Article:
Treat rental properties as a business
Saturday 30 March 2019
The need for landlords to treat their rental properties as a business is highlighted by three new Tenancy Tribunal rulings.
By The Landlord
Landlords from Auckland, Wanganui and Wellington have been ordered to pay a total of nearly $17,000 due to Tenancy Compliance and Investigations Team (TCIT) investigations.
Auckland landlord Peter Wheeler, who owns five boarding houses, was ordered to pay $12,344.64 for failing to lodge tenants’ bond money as required by the Residential Tenancies Act.
The Tenancy Tribunal adjudicator described the actions of Wheeler as being “intended to avoid the need to forward bond money to the Bond Centre” and “to avoid future scrutiny by the Tenancy Tribunal”.
Wanganui Home Maintenance Limited was ordered to pay $3563.52 across eight applications for failing to lodge bonds, failing to maintain the premises, and providing misleading insulation statements.
Wellington Landlord Perry Rama agreed to pay $1000 after he allowed tenants to return to their rented property while it was still the subject of a ‘Dangerous Building Notice’ issued by the Wellington City Council.
He also agreed to pass the management of the properties on to a property management company.
TCIT acting national manager Peter Hackshaw says they proactively assess and investigate landlords to ensure they are treating their rental properties as a business and complying with their responsibilities.
“Landlords who are not meeting their obligations under the Residential Tenancies Act can expect to be held to account, as is the case with these three landlords.”
He says that tenants need to trust that their landlords are doing what they need to do under New Zealand’s tenancy law from the start of the relationship.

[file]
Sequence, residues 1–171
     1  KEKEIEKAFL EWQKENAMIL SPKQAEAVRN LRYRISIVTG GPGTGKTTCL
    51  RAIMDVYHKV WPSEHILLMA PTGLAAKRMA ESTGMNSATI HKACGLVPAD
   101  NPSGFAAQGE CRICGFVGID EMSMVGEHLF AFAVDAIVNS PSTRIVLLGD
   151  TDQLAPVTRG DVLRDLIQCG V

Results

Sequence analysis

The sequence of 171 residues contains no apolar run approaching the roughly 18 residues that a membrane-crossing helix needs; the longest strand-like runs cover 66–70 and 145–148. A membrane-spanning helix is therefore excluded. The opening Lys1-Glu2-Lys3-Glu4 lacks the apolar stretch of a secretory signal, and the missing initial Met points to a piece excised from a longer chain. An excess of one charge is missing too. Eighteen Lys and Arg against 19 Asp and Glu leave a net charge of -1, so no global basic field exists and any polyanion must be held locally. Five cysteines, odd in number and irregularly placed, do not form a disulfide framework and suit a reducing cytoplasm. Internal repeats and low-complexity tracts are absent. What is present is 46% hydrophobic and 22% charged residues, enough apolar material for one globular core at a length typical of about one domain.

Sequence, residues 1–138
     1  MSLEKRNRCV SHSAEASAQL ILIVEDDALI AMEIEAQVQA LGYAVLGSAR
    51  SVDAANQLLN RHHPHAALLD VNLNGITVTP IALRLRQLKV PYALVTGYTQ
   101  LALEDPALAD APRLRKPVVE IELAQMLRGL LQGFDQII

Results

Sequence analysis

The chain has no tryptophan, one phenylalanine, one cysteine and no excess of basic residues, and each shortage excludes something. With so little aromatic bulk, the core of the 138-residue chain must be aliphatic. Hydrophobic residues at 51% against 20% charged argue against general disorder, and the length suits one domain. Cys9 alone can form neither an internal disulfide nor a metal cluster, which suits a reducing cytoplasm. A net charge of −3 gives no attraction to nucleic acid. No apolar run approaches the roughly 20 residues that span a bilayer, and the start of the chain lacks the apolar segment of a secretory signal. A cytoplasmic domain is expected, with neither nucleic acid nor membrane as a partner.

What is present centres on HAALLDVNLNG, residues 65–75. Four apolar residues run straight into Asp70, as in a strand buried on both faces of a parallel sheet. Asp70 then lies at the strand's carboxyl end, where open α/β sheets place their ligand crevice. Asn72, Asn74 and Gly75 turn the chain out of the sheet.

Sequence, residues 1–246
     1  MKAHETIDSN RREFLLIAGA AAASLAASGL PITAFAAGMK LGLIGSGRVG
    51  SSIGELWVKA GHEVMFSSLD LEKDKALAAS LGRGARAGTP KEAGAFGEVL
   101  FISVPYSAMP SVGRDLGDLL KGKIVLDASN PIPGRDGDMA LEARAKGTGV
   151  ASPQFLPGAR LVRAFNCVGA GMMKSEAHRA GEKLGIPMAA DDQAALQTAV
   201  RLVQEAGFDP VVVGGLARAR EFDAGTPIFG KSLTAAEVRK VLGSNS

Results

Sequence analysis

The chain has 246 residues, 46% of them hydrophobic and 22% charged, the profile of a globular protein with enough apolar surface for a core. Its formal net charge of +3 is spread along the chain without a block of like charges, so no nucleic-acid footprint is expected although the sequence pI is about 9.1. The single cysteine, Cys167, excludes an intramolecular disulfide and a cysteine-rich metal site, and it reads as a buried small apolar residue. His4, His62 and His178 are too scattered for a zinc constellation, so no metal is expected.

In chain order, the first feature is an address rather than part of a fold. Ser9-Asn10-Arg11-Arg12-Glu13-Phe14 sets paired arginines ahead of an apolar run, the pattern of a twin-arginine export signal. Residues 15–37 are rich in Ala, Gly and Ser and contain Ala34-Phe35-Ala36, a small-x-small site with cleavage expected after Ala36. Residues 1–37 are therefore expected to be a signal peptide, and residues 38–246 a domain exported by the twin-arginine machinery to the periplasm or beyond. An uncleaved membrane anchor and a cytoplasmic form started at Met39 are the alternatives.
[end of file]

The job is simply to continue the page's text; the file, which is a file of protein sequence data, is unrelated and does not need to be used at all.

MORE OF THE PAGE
“Failing to lodge bond money is a breach of this trust, as is providing inaccurate information on insulation.
“If landlords don’t have the time and knowledge to manage their rental properties as a business, they should pass them on to someone who does.”
MBIE’s tenancy compliance team, which was established in July 2016, focuses on significant or ongoing breaches of the RTA which pose a significant risk to vulnerable tenants.
Comments from our readers
No comments yet
Sign In / Register to add your comment
Uncertainty continues to cast its shadow over the housing market but economist Tony Alexander has put together a list of reasons which offset the negatives and mean the market remains well-supported.
Global ratings agency Standards & Poors is the latest to join the chorus of predictions around potential house price falls in New Zealand – and they’re picking a 10% drop.
Auckland ’s long-term future is sound as well situated residential developments will always sell and demand for affordable housing remains strong, a leading non-bank property financier says.
The New Zealand property market has emerged strongly out of lockdown, according to mortgage advisers, who say they are busy as ever this winter.